The American Association of State Highway and Transportation Officials (AASHTO) has adopted a national highway safety goal of halving fatalities over the next 2 decades; or reduc- ing fatalities by 1000 per year. This goal can be achieved through the widespread applica- tion of low-cost, proven countermeasures that reduce the number of crashes on the nation’s highways. This twenty-first volume of NCHRP Report 500: Guidance for Implementation of the AASHTO Strategic Highway Safety Plan provides guidance on data sources and analysis techniques that can be employed to assist agencies in allocating safety funds. The report will be of particular interest to safety practitioners with responsibility for implementing pro- grams to reduce injuries and fatalities on the highway system. In 1998, AASHTO approved its Strategic Highway Safety Plan, which was developed by the AASHTO Standing Committee for Highway Traffic Safety with the assistance of the Federal Highway Administration, the National Highway Traffic Safety Administration, and the Trans- portation Research Board Committee on Transportation Safety Management. The plan includes strategies in 22 key emphasis areas that affect highway safety. Each of the 22 empha- sis areas includes strategies and an outline of what is needed to implement each strategy. NCHRP Project 17-18(3) is developing a series of guides to assist state and local agencies in reducing injuries and fatalities in targeted areas. The guides correspond to the emphasis areas outlined in the AASHTO Strategic Highway Safety Plan. Each guide includes a brief introduction, a general description of the problem, the strategies/countermeasures to address the problem, and a model implementation process. This is the twenty-first volume of NCHRP Report 500: Guidance for Implementation of the AASHTO Strategic Highway Safety Plan, a series in which relevant information is assembled into single concise volumes, each pertaining to specific types of highway crashes (e.g., run- off-the-road, head-on) or contributing factors (e.g., aggressive driving). An expanded ver- sion of each volume with additional reference material and links to other information sources is available on the AASHTO Web site at http://safety.transportation.org. Future volumes of the report will be published and linked to the Web site as they are completed. While each volume includes countermeasures for dealing with particular crash emphasis areas, NCHRP Report 501: Integrated Management Process to Reduce Highway Injuries and Fatalities Statewide provides an overall framework for coordinating a safety program. The integrated management process comprises the necessary steps for advancing from crash data to integrated action plans. The process includes methodologies to aid the practitioner in problem identification, resource optimization, and performance measurements. Together, the management process and the guides provide a comprehensive set of tools for managing a coordinated highway safety program. F O R E W O R D By Charles W. Niessner Staff Officer Transportation Research Board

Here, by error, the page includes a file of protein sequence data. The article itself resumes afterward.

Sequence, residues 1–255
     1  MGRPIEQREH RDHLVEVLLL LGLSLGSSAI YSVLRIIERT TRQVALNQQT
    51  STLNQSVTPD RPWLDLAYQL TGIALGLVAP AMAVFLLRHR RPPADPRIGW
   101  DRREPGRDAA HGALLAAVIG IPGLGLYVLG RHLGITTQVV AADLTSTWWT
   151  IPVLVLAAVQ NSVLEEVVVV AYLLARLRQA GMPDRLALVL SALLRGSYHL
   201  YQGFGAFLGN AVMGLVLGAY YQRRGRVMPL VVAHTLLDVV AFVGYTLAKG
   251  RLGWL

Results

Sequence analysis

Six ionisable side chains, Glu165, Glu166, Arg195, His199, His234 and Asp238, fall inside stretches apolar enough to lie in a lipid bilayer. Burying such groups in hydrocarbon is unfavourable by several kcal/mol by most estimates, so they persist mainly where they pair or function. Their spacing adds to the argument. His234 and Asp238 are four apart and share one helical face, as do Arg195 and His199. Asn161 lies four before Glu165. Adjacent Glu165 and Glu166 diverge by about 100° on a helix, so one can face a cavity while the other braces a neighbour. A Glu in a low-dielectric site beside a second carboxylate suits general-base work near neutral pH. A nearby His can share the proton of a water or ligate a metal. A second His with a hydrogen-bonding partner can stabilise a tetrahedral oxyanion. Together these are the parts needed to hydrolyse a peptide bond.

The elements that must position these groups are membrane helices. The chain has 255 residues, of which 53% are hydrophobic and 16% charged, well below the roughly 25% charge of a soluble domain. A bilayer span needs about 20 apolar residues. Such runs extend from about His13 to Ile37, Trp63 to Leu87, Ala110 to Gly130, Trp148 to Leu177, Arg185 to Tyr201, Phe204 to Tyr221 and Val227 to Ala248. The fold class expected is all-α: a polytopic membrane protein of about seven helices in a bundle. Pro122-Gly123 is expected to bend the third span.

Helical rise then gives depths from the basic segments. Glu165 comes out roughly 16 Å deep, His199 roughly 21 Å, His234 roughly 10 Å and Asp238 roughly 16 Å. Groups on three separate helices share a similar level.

C O N T E N T S 1 Summary 5 Section I Introduction 6 Introduction to Proposed Procedures 8 Section II Data Types Used in Preparing the Safety Plan 8 Crash Data and Related Files 11 Roadway Inventory Data 12 Traffic Volume Data 12 Driver History Files 13 Vehicle Registration Files 13 Statewide Injury Surveillance System Files 13 National Emergency Medical Services Information System (NEMSIS) 14 Population Census Files 14 Citation Tracking and DUI Tracking Files 14 Local Data Files 15 Other Safety Files 15 Time Dimension of Data 15 Closure 16 Section III Details of the Three-Stage Process 16 Stage 1—Define/Choose One or More Issues/Emphasis Areas 17 Stage 2—Set a Crash, Injury or Death Reduction Goal for an Emphasis Area 17 Stage 3—Define Treatment Strategies and Target Populations 27 Other Safety Analysis Tools 27 Summary 28 Section IV Roadway Segment Programs 28 Possible Program Types—Spot versus System Programs 29 Procedure 1—Choosing Roadway-Based Treatments and Target Populations When Treatment Effectiveness Is Known, and Both Crash and Non-Crash Data Are Available 34 Procedure 2A—Choosing Roadway-Based Treatments and Target Populations When Treatment Effectiveness Is Known and Mileposted Crash Data Are Available, but Detailed Inventory Data Are Not Available 36 Procedure 2B—Choosing Roadway-Based Treatments and Target Populations When Treatment Effectiveness Is Known and Neither Mileposted Crash Data nor Detailed Inventory Data Are Available 38 Procedure 3—Choosing Roadway Treatments and Target Locations When Treatment Effectiveness in Terms of Crash/Injury Reduction Is Not Known 40 Procedure 4—Choosing Treatments and Target Populations in Emphasis Areas for which Some Candidate Treatments Have Known Effectiveness Estimates and Other Treatments Do Not